The Washington courts have not held that there is a constitutional right to a lineup. CrR 4.7(b)(2), however, provides in part that "the court on motion of the prosecuting attorney or the defendant, may require or allow the defendant to . . . appear in a lineup . . ." (Italics ours.) Constitutional issues should not be decided unnecessarily. Tommy P. v. Board of Cy. Comm'rs, 97 Wn.2d 385, 645 P.2d 697 (1982). Because there is an applicable court rule providing for a lineup at the defendant's request, and because the defendant utilized this rule to obtain a discovery order, we need not determine whether there is an independent due process right to a lineup.
Wardius requires that reciprocal discovery be available to the defendant and the State. CrR 4.7 complies with Wardius by providing equal access to a court ordered lineup. Our court rules provide that the court may order a lineup, distinguishing this case from Evans.  Boot did not attempt to enforce the lineup order before or during trial. CrR 4.7(h)(7)(i) provides sanctions for violation of a discovery order:
(i) if at any time during the course of the proceedings it is brought to the attention of the court that a party has failed to comply with an applicable discovery rule or an order issued pursuant thereto, the court may order such party to permit the discovery of material and information not previously disclosed, grant a continuance, dismiss the action or enter such other order as it deems just under the circumstances.
Awarding sanctions for discovery violations is within the discretion of the trial court. Discovery violations should be raised in the trial court so that the court can compel discovery if necessary. State v. Brush, 32 Wn. App. 445, 456, 648 P.2d 897 (1982), review denied, 98 Wn.2d 1017 (1983). The language of the rule itself indicates that the party should raise noncompliance with the discovery rules "during the course of the proceedings".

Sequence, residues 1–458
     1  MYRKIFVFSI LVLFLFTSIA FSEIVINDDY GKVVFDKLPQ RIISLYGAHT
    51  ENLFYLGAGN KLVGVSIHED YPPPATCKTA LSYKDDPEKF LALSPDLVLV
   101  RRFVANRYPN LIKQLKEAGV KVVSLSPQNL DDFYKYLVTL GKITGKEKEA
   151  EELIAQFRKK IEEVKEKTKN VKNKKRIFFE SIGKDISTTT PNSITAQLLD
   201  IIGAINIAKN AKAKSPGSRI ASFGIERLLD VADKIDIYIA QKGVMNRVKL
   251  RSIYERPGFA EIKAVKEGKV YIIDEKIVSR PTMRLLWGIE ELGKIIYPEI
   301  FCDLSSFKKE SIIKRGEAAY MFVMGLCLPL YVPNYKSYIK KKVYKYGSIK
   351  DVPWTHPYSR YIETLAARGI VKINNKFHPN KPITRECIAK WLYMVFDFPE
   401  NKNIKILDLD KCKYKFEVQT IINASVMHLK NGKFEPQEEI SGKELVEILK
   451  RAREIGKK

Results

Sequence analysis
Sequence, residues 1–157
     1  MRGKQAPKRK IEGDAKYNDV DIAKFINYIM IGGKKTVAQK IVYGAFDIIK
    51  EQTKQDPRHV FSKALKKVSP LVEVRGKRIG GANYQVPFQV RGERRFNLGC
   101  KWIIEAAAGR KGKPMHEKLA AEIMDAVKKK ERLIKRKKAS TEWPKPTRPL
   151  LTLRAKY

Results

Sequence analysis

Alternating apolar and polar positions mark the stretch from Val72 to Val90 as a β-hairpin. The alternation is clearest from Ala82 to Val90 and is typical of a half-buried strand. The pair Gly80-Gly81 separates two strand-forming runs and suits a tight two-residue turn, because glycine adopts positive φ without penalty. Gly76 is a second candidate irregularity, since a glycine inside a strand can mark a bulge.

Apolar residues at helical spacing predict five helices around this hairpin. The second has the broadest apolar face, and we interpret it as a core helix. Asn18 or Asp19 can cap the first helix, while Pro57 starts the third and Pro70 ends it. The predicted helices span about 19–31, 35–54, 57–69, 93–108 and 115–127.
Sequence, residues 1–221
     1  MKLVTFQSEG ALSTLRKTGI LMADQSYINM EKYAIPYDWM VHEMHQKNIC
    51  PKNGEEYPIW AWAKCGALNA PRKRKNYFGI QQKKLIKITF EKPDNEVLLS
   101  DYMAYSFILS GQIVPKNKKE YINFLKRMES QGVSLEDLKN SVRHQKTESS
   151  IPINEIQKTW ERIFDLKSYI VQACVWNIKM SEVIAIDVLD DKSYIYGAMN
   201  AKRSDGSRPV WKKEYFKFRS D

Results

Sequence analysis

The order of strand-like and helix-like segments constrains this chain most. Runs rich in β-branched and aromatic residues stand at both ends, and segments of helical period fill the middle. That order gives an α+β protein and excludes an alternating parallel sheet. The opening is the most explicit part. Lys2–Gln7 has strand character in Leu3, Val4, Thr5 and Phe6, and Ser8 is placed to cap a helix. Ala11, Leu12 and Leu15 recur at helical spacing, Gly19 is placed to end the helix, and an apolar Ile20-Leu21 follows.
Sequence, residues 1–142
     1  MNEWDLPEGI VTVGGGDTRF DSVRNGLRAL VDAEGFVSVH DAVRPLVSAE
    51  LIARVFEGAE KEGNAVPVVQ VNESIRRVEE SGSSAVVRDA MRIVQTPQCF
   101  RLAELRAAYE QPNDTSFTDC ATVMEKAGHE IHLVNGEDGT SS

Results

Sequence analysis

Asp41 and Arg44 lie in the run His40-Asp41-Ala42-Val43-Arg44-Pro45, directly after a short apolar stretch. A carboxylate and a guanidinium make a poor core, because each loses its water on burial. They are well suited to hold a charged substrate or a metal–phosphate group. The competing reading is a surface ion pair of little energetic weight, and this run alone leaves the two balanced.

A party may choose not to proceed with discovery for tactical reasons. Possibly the defense believed the lineup would be incriminating rather than exculpatory. Allowing a party to raise the denial of discovery on appeal after bailing to raise the issue below would allow simultaneous avoidance of harmful discovery and reversal for failure of discovery. Failure to raise the issue below waives the right to assign error to the violation on appeal.
Boot next argues that it was error to admit the identification based on a photo montage when the defendant was in custody and willing to be in a lineup at the time the photo montage was used. State v. Nettles, 81 Wn.2d 205, 209, 500 P.2d 752 (1972). He contends that photo montage identifications should be excluded unless the State demonstrates extenuating circumstances justifying their use. State v. Hilliard, 89 Wn.2d 430, 573 P.2d 22 (1977).
 Boot does not challenge the photo array itself as suggestive, nor does he assert that any improper conduct occurred during the photo identification. Boot's only argument is that use of a photo montage is per se violative of due process when the defendant is available for a lineup. While the Washington Supreme Court has held that a lineup is preferable when the defendant is in custody, Nettles, the court has declined to hold that an identification based on a photo montage is per se inadmissible when the defendant is available for a lineup. Hilliard.
This court, in State v. Burrell, 28 Wn. App. 606, 625 P.2d 726 (1981) and subsequent cases, rejected the per se rule in favor of a 2-part balancing test. First, it must be determined whether the identification procedure was "impermissibly suggestive." Second, if the procedure was suggestive, the court must balance the "corrupting effect" of the suggestive identification against other factors indicating the reliability of the identification. Burrell, at 610. Boot does not challenge the photo montage as impermissibly suggestive, except insofar as it was used instead of a lineup. We therefore do not reach the second step, and need not consider whether other factors establish the reliability of the identification. Both the photo montage and the in-court identification were properly admitted.